Ask the Expert: Room Tuning
Q. For a home theater in my basement, I have a room that measures 16 feet wide by 27 feet long. I'd prefer to keep the space as a multipurpose room with the theater integrated in a way to keep the space open. If I place the theater space at the end of the room and project the image on one of the side walls, I'll end up with a wall to our left and an open space to our right. Would this open side create insurmountable problems with the audio? We'd be getting sound reflections off the one wall and essentially no reflections from the other side. We plan to use an A/V receiver with Audyssey MultEQ XT automatic audio setup to calibrate the sound field. D. Allen Romer Rock Creek, OH
A. You're right in your assessment. The imbalance created by the room reflections would be a disadvantage, but it's not insurmountable. The room you're trying to create can be thought of in two ways: a large closed theater or an open-air theater. What you're doing here is a combination of both. Cutting the room in half as you describe presents the challenge of optimizing the listening area.
The best chance you'd have to create a proper listening space would be to use a combination of sound traps and sound-absorbing material on that left side wall, essentially trying to make it acoustically disappear. You can then add some sound traps on the opposite side to try to create some symmetry and acoustically match both sides of the room. In addition, I'd recommend diffusers for the back wall, which will help to create a "longer" rear surface by reducing reflections directly back to the listening position.
You may also be able to create a "phantom" side wall with the use of a very heavy fabric curtain that could be closed when you want to go into music-listening or theater mode. Another idea would be to use a set of movable panels that can be positioned to create the enclosed space. These panels could be the type used as dividers in office cubicles. They come standard as 4 feet wide by 6 feet high and are easily purchased from office-supply stores. With the addition of a set of casters, they could serve as a movable barrier to the rest of the acoustic space. Many of these materials can be purchased from companies such as Acoustiblok (acoustiblok.com), Acoustics First (acousticsfirst.com), and Acoustical Solutions (acousticalsolutions.com).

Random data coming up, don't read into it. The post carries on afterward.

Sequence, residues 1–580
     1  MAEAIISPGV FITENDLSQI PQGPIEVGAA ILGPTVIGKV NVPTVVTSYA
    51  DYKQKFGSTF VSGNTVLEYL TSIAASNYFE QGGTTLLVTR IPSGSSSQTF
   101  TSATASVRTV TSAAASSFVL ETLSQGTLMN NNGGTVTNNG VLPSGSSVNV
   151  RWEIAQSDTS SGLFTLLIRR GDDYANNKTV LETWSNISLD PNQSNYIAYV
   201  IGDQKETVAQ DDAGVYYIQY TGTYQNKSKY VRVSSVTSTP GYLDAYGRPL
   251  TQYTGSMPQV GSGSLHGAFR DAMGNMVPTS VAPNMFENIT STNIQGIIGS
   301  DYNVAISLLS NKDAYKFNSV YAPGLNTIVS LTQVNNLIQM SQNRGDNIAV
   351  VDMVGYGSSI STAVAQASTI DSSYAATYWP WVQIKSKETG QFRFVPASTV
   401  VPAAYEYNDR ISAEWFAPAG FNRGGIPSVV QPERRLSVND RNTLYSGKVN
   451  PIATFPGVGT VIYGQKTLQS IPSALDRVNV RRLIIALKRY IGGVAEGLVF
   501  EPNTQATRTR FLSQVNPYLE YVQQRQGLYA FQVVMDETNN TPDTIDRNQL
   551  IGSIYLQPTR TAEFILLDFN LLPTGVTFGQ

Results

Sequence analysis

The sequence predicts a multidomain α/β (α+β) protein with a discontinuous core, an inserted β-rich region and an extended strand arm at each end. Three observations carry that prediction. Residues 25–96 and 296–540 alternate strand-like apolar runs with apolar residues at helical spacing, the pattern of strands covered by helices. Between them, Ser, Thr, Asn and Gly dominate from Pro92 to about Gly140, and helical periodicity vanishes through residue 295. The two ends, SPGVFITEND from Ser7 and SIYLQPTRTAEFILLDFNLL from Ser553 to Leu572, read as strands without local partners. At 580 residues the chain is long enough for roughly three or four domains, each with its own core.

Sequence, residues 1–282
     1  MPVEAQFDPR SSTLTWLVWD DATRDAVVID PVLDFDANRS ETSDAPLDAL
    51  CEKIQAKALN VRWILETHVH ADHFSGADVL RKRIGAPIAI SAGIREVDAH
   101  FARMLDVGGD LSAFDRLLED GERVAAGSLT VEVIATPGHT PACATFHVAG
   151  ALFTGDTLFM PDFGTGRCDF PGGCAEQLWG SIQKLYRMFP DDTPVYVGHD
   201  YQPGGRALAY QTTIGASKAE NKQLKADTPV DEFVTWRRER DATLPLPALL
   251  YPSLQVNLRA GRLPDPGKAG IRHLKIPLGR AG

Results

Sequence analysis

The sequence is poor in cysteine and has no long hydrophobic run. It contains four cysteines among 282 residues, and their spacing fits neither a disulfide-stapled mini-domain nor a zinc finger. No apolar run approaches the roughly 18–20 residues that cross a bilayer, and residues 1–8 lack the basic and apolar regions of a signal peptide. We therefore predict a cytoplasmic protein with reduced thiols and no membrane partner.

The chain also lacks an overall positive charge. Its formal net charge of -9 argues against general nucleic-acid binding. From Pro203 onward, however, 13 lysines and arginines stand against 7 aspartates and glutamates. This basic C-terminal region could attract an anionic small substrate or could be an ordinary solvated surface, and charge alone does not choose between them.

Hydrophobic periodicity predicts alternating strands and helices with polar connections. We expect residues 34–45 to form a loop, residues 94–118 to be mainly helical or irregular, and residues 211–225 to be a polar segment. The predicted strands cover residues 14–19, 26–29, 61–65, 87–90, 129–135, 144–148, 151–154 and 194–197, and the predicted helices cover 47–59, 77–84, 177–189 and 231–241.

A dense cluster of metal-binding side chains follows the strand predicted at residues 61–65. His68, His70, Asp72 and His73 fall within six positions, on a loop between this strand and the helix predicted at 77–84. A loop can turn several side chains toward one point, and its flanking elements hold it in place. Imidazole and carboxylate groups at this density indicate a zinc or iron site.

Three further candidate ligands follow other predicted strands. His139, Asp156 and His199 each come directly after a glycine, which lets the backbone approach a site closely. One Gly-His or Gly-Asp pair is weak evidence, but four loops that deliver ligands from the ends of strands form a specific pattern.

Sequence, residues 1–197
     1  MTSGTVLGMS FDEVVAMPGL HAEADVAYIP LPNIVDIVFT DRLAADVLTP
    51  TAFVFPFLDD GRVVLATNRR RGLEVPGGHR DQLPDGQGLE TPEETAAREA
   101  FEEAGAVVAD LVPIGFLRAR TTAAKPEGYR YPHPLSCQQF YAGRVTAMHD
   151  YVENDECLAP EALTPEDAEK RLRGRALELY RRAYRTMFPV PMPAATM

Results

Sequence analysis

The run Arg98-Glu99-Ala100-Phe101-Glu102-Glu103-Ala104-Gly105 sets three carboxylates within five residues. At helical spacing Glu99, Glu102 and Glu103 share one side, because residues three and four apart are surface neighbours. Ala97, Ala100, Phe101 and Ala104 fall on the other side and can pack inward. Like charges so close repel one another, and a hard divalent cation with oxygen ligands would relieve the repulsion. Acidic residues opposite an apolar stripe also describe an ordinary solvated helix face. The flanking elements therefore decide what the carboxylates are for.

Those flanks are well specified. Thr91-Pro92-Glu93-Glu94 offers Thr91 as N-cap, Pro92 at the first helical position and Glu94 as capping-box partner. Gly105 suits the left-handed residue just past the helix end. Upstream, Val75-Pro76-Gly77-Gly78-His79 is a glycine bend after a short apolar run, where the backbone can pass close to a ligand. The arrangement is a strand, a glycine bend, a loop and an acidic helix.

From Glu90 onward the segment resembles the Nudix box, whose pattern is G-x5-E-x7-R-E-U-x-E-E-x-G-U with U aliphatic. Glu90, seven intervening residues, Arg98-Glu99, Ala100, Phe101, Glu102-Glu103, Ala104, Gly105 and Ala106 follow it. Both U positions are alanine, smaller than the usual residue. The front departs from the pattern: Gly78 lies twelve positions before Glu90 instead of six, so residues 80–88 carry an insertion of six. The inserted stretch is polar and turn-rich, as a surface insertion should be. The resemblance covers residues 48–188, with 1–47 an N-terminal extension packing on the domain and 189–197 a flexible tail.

Finally, it may be helpful to use a speaker system that's more directional than most, essentially focusing the sound within the listening area. The subwoofer should probably be placed in the front corner on the side of the room that has the existing wall. This would help the low frequencies from the sub cover the listening area evenly. The automatic audio-calibration system in your receiver is a big plus, but may fall short in optimizing the sound field. If your budget allows, I'd recommend an EQ system made by Rives Audio (rivesaudio.com) called the PARC, which stands for Parametric Adaptive Room Compensation. It does a wonderful job compensating for room anomalies.
John Tamburello is the owner of Central Media Systems (centralmediasystems.com) in New York City.